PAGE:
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A reluctant travel writer’s haunting essays

Marius Kociejowski’s writing captures his subjects indelibly


 
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ZOROASTER’S CHILDREN

Marius Kociejowski

It’s not quite ironic that one of the most evocative travel writers to emerge in the last decade feels “vaguely embarrassed” to be described as a travel writer. Kociejowksi is vaguely embarrassed often, whether when asked to name influences on his poetry (because that amounts to counting himself as the peer of those poets), or even, although he does not say so explicitly, when acknowledging his Canadian birth and upbringing, because his own feeling of displacement is nothing compared to the traumas of the exiles he writes about.

Kociejowski has run an antiquarian bookshop in London for decades. He’s not a real travel writer, he asserts, not one of those who have survived snakebite or mastered “the more remote dialects of already impenetrable languages.” But here he protests too much, and in a bygone style. (An antiquarian bookseller reads a lot of 19th-century accounts of exotic journeys.) Kociejowski’s travels consist of encountering people, not places, and, in this kind of travel writing, he may well be peerless. His recollection of his entirely conversational interaction with a Moroccan prostitute in Marseilles is witty (business wasn’t good for either book or sex seller: “We had both been spiked by the video trade”) and simply beautiful. Disturbed, after an interval of years, by his inability to fully remember her features, Kociejowski asks a question that lays bare his deepest interests and showcases his remarkable prose. “What is it about the human face that it should be the most memorable thing in existence and yet its atoms are the quickest to disperse?”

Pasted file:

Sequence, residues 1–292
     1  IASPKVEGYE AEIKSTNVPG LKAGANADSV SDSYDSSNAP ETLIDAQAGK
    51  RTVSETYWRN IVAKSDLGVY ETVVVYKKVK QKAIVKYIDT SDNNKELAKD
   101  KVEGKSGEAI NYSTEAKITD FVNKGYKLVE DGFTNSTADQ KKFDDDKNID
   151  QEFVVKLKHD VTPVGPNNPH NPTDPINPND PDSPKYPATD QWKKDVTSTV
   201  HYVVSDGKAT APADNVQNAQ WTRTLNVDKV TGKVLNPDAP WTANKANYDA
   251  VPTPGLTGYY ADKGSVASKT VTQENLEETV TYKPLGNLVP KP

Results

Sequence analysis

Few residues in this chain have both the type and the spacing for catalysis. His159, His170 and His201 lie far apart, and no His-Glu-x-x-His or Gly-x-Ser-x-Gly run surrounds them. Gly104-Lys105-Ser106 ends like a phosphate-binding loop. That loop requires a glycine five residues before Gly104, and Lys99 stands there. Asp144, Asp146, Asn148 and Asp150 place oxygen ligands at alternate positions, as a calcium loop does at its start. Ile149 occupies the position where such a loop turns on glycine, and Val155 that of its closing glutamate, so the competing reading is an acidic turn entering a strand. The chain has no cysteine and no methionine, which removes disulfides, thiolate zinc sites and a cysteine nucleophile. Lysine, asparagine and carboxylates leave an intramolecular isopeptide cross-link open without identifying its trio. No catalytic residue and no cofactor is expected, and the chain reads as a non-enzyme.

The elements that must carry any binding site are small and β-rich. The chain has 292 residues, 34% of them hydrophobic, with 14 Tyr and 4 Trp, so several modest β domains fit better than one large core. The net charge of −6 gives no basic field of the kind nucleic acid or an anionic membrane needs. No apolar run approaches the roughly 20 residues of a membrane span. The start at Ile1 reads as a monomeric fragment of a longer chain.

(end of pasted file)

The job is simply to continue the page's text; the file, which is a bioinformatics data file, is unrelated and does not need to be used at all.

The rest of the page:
All the essays feature a laser-like focus on individuals and a relative indifference to their surroundings. In the title story, which, naturally, unfolds in Iran, Kociejowski meets a young book-lover in a bookshop in drought-stricken Isfahan. Farhad invites him home to see his English-language library, which turns out to be a relative handful of paperbacks. But the writer recognizes them as a collection so difficult to gather in contemporary Iran, “that I, who dealt in rare books, had never seen any quite so rare as these.” Eventually, Farhad explains why he needs the “escape route” of modernist English writing: A few years before, he had received 84 lashes for having had a sip of gin. “The river is empty,” he tells Kociejowski, “and so, too, is the soul of this country.” In city after city—Prague, Moscow, Toronto—Kociejowski does the same thing: encounters people, pays extraordinary attention to them, and captures them indelibly.


 
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